Home » History » North York Constable Helped Out when Hurricane Hazel Slammed into Etobicoke

In the aftermath of Hurricane Hazel in 1954, Etobicoke residents are rescued from the overflowing banks of the Humber River. - Courtesy TRCA
In the aftermath of Hurricane Hazel in 1954, Etobicoke residents are rescued from the overflowing banks of the Humber River. - Courtesy TRCA

North York Constable Helped Out when Hurricane Hazel Slammed into Etobicoke

‘In Ontario 81 people were killed, 35 of them on one street alone,’ says Susan Goldenberg

On October 15, 1954 Hurricane Hazel, the most famous and worst hurricane in Canadian history, roared through Toronto, leaving death and destruction in its wake.

One of the witnesses was then-North Yorker Brian Weller who shared his recollections for this article.

“As a four year old I clearly recall standing at the master bedroom of our home at 22 Bevdale Road, Willowdale, looking out to an unusually dark afternoon with heavy rain pelting the road when all of a sudden, a black police cruiser with the big red stoplight on the passenger fender stopped in front and my Dad, North Toronto Police Const. Bob Weller, ran inside.”

Police constable Bob Weller is pictured here with son Brian Weller (top) and Bob's cousin Steve McDonough. - Brian Weller/photo
Police constable Bob Weller is pictured here with son Brian Weller (top) and Bob’s cousin Steve McDonough. – Brian Weller/photo

“Soaking wet coming through the door, he told my Mom and my older sister that he had been pulling folks to safety from the swollen Humber River in Etobicoke and needed dry clothes. He told us that homes were floating toward the lake with some residents hanging onto the roof.”

“Even though each community had its own police force in 1954, interdepartmental co-operation was a common practice prior to police amalgamation in 1957. I remember feeling a sense of pride that my Dad had such a responsible job and was meeting the challenge so willingly. Quickly changing, he ran back to the door to rejoin his workmates.”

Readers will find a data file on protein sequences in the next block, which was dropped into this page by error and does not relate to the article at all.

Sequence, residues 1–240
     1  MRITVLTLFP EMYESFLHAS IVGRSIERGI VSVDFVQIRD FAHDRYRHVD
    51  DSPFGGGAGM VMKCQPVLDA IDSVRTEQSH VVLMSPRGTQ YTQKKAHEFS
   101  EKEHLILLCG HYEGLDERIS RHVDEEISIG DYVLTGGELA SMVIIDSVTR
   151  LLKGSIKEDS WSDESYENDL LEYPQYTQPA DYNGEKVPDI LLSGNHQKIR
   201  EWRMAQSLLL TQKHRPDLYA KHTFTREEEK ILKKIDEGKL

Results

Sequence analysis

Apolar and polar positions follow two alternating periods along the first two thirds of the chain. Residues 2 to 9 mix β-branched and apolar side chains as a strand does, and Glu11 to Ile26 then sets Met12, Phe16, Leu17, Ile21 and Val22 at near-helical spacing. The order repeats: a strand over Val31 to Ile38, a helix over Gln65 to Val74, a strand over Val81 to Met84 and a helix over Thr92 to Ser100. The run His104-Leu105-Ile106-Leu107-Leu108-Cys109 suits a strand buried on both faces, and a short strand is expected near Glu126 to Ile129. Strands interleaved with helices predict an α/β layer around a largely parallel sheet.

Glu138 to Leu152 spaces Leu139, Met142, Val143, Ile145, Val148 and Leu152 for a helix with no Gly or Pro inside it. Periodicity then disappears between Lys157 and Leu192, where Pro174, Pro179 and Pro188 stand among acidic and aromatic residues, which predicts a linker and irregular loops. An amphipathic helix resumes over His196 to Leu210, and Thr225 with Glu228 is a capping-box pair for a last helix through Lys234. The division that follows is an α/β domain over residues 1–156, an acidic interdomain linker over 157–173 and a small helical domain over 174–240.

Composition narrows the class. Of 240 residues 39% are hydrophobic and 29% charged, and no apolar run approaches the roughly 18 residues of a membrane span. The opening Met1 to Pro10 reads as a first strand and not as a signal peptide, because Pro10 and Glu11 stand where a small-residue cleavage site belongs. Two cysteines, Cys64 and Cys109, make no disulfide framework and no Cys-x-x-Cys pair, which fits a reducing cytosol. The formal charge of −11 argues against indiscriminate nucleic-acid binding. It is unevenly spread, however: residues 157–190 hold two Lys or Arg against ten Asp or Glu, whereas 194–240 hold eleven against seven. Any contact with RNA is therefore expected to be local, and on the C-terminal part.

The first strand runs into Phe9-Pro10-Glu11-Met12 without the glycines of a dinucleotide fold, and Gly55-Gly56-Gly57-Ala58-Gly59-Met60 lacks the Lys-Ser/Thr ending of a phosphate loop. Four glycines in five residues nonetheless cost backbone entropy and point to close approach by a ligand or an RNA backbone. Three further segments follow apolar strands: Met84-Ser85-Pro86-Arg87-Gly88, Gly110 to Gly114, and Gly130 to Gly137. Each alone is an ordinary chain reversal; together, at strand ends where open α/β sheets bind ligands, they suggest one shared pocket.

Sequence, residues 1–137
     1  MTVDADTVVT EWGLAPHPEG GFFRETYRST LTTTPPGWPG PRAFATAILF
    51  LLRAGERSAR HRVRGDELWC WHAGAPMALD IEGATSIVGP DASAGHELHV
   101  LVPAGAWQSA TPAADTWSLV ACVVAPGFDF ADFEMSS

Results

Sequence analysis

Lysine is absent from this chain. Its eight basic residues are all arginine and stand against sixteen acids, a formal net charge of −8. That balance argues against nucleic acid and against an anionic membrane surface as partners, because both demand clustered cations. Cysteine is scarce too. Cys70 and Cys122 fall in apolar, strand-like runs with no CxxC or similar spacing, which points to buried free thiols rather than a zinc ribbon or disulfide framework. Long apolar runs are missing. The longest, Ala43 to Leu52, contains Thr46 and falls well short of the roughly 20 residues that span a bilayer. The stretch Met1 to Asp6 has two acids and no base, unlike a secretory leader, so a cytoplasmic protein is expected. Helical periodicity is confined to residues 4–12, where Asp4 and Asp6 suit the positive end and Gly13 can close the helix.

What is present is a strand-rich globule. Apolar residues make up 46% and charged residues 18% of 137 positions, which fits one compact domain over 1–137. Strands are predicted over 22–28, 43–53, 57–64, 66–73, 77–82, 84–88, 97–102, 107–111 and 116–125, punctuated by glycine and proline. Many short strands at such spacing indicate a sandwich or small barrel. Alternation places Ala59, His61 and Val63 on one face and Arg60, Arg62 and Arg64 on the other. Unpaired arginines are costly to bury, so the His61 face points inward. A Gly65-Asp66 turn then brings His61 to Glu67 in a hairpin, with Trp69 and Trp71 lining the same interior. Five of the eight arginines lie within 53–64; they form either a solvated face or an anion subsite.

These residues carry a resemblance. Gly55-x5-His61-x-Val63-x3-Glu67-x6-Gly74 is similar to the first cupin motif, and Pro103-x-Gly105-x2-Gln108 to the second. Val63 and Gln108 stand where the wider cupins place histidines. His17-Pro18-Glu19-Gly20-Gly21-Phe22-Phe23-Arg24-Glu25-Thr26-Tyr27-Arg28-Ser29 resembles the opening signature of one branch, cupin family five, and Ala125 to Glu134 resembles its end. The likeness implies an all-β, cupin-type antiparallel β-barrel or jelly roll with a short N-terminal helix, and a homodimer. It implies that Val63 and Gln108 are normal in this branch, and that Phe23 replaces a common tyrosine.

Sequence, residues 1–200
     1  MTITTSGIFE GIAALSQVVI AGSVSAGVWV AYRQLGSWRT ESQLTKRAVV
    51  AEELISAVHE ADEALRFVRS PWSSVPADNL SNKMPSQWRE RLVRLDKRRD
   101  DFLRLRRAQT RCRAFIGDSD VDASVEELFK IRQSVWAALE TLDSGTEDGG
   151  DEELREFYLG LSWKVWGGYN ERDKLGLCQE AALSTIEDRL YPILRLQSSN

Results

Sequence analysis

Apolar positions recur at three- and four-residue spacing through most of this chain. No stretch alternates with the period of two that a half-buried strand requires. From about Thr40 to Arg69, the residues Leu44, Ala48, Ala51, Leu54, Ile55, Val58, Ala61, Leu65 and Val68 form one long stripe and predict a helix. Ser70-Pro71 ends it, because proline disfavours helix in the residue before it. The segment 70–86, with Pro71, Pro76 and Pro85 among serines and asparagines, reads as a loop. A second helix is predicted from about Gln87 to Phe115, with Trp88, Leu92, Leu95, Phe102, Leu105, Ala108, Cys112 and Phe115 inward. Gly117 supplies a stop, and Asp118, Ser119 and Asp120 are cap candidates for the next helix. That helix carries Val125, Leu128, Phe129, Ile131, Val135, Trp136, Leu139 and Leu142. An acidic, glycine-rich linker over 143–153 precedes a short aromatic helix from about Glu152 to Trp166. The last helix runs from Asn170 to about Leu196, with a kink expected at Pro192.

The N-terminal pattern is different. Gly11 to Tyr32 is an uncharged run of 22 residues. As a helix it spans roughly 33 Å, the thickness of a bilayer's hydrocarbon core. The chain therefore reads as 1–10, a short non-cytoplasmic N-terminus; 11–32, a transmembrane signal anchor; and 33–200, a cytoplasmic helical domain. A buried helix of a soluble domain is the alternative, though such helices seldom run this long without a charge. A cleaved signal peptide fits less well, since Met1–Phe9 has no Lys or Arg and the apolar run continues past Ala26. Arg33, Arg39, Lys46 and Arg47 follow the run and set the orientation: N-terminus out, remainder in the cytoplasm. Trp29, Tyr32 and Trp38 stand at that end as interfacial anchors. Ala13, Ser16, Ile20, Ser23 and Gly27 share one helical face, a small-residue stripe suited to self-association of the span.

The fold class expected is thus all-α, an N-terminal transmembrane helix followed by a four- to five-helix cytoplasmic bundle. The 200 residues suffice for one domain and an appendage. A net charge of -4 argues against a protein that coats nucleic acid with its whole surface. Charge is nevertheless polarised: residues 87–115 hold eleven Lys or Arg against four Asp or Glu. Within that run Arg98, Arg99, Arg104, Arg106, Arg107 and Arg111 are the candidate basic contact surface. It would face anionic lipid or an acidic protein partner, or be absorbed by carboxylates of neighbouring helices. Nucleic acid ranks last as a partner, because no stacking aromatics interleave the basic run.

Category 4 Hazel tore through Toronto with winds reaching 110 km/h and 285 millimetres of rain in 48 hours. Bridges and streets were washed out, homes and trailers swept into Lake Ontario. In Ontario 81 people were killed, 35 of them on one street alone — Raymore Drive in Etobicoke. The total damage was estimated at $100 million ($1 billion today).

Following ‘the storm of the century’, as it is known, dams were constructed to prevent future flooding. One, the G. Ross Lord Dam, is near North York’s Finch Avenue and Dufferin Street in the Don River watershed. It is surrounded by extensive parkland assembled in 1972 for flood control purposes.

G. Ross Lord was chairman of the Metropolitan Toronto and Region Conservation Authority from 1958 to 1972.

Written by Susan Goldenberg.

Originally published on October 22, 2018, on toronto.com.

EDITOR’S NOTE: Cutline for Weller family photo updated with correct names, Dec. 9, 2018.